Another reason we’re able to “crunch” the gradients is because our shape language is carrying most of the effects. The style is a blend of minimal, hard edge, with a major emphasis on flow. For us, shape and color have a symbiotic relationship.
The high contrast in the values end up creating a supporting shape within the main body of the effects. We can create subtle intricacies, but it's always important to keep a mindset of “broad strokes” with the shape language.
I use hand painted textures for all of the effects I work on, and I focus on keeping the shapes large, simple, while incorporating thick and thin lines for balance. We don’t want to use any overly detailed textures, or anything that looks too realistic.
I try to remind myself that the player’s eyes, in the middle of a heated game, are looking for only the most important information. As a player, just looking at something costs time and energy, and effects can fail when they draw too much of that attention. We want to reward players with satisfying moments, while also keeping it brief, and appropriate shape language is essential for that!
Earlier I talked about how some prior effects that were using softer, more elegant shapes didn’t work well for us. Here is a quick example of that. In the lower image, the trail is using a texture that normally would work fine for many effects in other games.
There’s nothing wrong with this texture, but what we found was that because of how faint it is, players just weren’t able to see it, or at least, not in time. Which is what matters most! Even though the primary element of the projectile, the happy little bomb, was plenty bright, it just wasn’t supported well by its secondary component.
I’ve mentioned our shapes being hard edged a few times now, but there’s some wiggle room here. Like the texture in the example above. Giving it some slight motion blur is useful, and necessary! Our intention with the shape language is to keep the shapes bold and edges crisp, but there are certainly moments where we need to soften things a bit in order for them to move across the screen smoothly. We have to keep the flow of the effect in mind at all times.
In any effect, you’ll find that timing is what truly makes or breaks it. The colors, values, and shapes can all be stellar, but if the timing is off, the whole thing will come crashing down. For Sparkball, we try to keep the timing “snappy” and interesting.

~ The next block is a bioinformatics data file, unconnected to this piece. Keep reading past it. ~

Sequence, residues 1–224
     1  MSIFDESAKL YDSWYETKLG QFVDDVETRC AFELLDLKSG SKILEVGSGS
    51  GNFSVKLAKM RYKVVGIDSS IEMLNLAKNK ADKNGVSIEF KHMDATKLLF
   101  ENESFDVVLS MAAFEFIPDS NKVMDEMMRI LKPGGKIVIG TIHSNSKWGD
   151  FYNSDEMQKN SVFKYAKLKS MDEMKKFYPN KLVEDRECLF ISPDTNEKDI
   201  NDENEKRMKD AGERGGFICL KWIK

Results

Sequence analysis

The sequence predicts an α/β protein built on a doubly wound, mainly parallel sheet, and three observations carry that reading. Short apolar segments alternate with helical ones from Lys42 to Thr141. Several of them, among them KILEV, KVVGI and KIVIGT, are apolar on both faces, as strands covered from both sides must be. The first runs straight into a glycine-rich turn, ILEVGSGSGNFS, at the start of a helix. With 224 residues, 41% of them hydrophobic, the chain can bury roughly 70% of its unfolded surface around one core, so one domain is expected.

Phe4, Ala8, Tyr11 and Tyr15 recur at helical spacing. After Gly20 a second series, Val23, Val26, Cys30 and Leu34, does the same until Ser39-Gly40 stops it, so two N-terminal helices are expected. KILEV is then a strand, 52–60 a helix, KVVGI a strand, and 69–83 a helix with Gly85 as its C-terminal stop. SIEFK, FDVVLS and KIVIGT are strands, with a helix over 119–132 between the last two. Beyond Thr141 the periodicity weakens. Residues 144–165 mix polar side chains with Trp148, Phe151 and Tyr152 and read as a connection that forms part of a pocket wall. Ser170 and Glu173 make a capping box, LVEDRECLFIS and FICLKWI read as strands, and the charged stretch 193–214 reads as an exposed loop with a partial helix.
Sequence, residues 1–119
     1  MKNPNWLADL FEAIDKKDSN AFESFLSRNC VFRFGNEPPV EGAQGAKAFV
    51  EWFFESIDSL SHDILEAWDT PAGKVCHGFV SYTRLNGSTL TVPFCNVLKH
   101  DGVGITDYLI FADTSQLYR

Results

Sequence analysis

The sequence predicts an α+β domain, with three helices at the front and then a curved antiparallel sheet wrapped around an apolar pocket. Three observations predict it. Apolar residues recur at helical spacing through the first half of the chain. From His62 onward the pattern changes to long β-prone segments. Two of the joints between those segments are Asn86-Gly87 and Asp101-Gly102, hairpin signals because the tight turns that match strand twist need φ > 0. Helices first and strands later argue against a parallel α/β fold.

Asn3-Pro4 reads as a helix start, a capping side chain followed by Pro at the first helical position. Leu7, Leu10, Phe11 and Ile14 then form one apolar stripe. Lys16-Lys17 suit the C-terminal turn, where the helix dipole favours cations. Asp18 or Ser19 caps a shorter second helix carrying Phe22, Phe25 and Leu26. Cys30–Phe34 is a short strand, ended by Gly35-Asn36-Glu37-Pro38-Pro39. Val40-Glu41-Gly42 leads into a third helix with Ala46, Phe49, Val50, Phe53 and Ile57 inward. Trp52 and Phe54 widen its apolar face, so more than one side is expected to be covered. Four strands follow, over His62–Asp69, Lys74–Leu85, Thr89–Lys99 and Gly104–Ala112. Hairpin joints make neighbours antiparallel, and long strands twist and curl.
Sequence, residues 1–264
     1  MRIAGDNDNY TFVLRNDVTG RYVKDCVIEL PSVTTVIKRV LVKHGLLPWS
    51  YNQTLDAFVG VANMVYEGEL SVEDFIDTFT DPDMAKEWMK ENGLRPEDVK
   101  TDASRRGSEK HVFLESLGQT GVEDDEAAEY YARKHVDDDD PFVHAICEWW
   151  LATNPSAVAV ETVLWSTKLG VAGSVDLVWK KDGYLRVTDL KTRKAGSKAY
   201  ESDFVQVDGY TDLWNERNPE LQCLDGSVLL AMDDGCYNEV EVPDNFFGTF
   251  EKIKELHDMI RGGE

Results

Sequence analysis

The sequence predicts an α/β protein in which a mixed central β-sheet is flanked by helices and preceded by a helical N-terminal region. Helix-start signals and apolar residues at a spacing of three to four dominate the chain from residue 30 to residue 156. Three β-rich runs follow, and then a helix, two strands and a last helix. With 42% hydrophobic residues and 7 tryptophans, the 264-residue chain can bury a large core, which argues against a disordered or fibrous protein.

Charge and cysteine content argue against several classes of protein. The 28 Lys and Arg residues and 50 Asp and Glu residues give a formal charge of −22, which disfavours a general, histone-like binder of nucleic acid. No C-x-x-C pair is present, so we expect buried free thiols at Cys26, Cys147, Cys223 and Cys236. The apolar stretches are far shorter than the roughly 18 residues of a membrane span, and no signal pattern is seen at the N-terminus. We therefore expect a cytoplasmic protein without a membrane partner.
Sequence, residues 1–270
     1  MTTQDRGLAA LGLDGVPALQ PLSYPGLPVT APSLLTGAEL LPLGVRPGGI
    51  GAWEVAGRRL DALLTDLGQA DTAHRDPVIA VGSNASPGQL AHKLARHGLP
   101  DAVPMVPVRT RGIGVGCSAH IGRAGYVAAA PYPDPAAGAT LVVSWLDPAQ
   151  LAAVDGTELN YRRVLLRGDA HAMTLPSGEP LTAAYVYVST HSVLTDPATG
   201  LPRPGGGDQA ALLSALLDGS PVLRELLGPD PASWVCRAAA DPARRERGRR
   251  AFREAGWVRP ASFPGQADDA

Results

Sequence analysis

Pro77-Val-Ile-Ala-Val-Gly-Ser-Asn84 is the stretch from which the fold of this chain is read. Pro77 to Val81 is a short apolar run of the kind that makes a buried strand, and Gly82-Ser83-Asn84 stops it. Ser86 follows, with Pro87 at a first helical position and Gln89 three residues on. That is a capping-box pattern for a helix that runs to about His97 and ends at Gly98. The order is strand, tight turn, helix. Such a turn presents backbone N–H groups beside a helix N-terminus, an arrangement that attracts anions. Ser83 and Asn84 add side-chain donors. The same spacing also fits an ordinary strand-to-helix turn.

Another way of thinking about it might be, we almost always want the main action of an effect to occur and finish (or begin to dissipate) within the first quarter of its lifetime, allowing it to fade out gradually over the rest of its lifetime through an erosion or some kind of interesting dissipation.
As with every other component we’ve talked about so far, we want to maximize the most necessary information for the player, while minimizing any guess work, in order to save them precious observation time. Timing is no different, but it comes with its own rules, and each instance can have its own needs.
In this timing example, we have Snooker’s stun trap that he throws onto the ground. Normally, I’d add a dissipation effect towards the end of its life; either a fade, or an erosion of some kind, but instead, having it blink out made it read more succinctly. I chose this as an example because it’s an extreme edge case that I find fascinating. Most commonly, having a natural dissipation, especially on big gameplay moments, provides clarity and satisfaction. Timing is all about knowing when to hold 'em and when to fold 'em.
Last, but not least, I cannot stress enough the importance of using graphs! Good effects have a combination of macro and micro timing; from the overall flow and motion, to the change in a single particle's size or color.
The smallest things can add a ton of value and build up the effect in more dynamic ways. For Sparkball, we want to keep things lively and interesting, so we avoid using any kind of linear timing wherever possible. The end result, hopefully, is a more engaging and satisfying effect for the player. When done right, good timing is something that the player doesn’t even notice, it just feels natural and right. Timing is the unsung hero of visual effects!
Thank you for joining me today! I hope my passionate ramblings were informative, or at the very least entertaining. Till next time, I wish you all the very best in your journeys through this amazing and ever inspiring discipline that I love so much.
More like this:
- The 5 Must-Know Artistic Principles of Video Game Visual FX
- 10 Design Tips from the League of Legends VFX Style Guide
- A high-resolution copy of Sparkball's VFX Style Guide can be found on David's LinkedIn here.